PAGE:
Joseph Bayliss

RA Guy Real Profiles of RA

Real Profiles of Rheumatoid Arthritis
Photos © Joseph Bayliss


Joseph Bayliss




Dudley, United Kingdom

How long have you lived with RA?

While I wasn’t diagnosed until I was 10 years old, I’d had severe aches and pains in my legs since I can remember. Though we always put it down to ‘growing pains’. It simply never occurred to me to ask why I was the only boy who was in immense pain after a kick around or when we played soldiers in the school playground. It wasn’t until my right knee swelled up badly one day that I and my family started to worry. Unfortunately it took nearly a full year going from hospital to hospital until I was diagnosed with juvenile rheumatoid arthritis at the Birmingham Childrens Hospital. I have found it difficult to live with it ever since.

What advice would you give to someone who has just been diagnosed with RA?

Seek out fellow sufferers! The internet is wonderful for seeking out help and advice from people in the same situation as you, with the exact same feelings and physical challenges. Learn to understand the mental challenges that come along with any form of chronic condition, especially when chronic pain is involved. Find a good rheumatologist! Do your research, thanks to great sites such as RA Guy’s site, trustworthy information is just a click or two away.

Do you use any mobility aids?

I use a walking stick(s) quite often due to both pain and an inability to walk when the condition is at it’s worse. I sometimes use knee pads to both protect my knees and calm things down, they actually work surprisingly well. Had a stair railing fitted to help me with getting up and down stairs.

How has living with RA helped to improve your life?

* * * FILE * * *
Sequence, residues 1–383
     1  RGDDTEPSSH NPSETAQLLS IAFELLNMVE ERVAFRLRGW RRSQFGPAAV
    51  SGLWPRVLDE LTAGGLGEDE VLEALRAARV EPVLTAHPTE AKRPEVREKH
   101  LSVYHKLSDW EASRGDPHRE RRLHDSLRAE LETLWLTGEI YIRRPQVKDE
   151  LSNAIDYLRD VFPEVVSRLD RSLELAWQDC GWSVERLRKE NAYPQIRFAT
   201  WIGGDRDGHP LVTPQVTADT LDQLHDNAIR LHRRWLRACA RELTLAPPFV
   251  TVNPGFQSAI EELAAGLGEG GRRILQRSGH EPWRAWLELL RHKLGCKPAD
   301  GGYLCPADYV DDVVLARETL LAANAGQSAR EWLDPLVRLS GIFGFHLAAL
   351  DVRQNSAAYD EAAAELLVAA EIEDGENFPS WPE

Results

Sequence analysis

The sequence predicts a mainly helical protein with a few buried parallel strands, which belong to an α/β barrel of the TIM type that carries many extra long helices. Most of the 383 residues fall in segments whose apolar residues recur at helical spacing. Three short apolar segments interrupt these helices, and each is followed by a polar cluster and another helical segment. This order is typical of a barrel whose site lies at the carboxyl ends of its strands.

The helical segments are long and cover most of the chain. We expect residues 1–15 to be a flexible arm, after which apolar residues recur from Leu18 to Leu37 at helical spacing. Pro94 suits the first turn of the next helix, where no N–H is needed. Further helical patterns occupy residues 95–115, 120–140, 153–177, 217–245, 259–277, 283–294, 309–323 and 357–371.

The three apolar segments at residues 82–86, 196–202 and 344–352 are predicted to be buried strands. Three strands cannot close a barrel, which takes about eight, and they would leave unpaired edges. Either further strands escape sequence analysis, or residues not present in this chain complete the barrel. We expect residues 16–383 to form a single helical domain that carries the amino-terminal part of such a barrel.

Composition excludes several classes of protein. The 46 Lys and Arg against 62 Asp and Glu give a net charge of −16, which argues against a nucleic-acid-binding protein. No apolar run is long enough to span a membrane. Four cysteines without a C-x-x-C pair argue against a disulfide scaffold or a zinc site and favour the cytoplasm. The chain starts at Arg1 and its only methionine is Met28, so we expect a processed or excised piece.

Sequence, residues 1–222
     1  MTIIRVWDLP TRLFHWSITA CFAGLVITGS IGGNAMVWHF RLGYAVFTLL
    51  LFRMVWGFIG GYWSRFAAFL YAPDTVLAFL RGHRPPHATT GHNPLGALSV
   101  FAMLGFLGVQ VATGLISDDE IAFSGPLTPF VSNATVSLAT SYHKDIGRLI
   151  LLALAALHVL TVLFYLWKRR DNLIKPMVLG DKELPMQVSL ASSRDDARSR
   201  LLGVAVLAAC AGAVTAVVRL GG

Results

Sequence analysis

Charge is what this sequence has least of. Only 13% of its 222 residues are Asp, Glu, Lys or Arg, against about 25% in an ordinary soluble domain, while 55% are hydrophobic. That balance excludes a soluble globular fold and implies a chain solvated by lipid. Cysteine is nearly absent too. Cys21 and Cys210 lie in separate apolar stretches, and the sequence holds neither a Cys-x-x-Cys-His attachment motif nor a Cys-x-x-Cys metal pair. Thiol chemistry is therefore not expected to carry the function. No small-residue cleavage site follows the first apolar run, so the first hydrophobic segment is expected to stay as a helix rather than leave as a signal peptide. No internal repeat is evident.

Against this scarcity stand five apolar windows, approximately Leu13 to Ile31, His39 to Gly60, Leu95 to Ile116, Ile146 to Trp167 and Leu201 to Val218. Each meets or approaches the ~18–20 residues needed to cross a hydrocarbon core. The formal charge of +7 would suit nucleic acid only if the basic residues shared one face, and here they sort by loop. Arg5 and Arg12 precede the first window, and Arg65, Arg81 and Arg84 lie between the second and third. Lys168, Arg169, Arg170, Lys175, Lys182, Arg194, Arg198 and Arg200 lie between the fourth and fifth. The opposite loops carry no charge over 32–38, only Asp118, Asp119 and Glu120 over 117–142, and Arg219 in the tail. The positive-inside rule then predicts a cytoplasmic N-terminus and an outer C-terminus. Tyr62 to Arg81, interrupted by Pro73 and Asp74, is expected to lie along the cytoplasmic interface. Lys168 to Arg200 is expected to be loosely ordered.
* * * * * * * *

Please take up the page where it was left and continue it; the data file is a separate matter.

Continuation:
Hmm, that’s a difficult one. I’d say I’m more understanding of the limitations and challenges disabled people suffer from and care a great deal about them. I appreciate a comfortable seat more then most, same can be said for baths.

Do you have any visible signs of RA?

Thankfully I currently have little serious disfigurement and the only signs of surgery are two small holes in my knees where cameras were used to inspect inside the joint.

Can you please describe some of your favorite coping strategies for living with RA?

I struggle to live with this condition daily, so I’m certainly no expert on coping with it to well. But I’d recommend writing down your feelings daily to help you mentally get a grip of matters and will help you understand your pain and the best ways to cope with it. Become part of a social environment where you can discuss RA, this can be locally or of course on the web, there are many great sites out there but it’s good to interact with people who simply understand. A weird one, but I’m a fan of self-hypnosis and it might be worth checking out.

Can you please describe your current medical (traditional and alternative) treatments?

Currently take Celebrex Celecoxib. Been doing the usual physical exercises to help the joints and muscles. Take painkillers to help with the immense pain, not sure where I’d be without them.

Is there anything else about yourself that you would like to share?

Yes, I’ve struggled with handling RA both physically and mentally. I’ve had spells of depression and even other related symptoms such as panic attacks and anger attacks. I think it’s important that those newly diagnosed are told about the mental challenges that RA can bring let alone the physical troubles. RA is as confusing to those who suffer from it as those who do not, so helping people understand this condition should always be of importance to anyone who is in such a situation. Don’t be afraid to ask for help, especially when it comes to doctors and specialist who will more then happily ignore you if you don’t speak up for yourself. Oh and stay strong!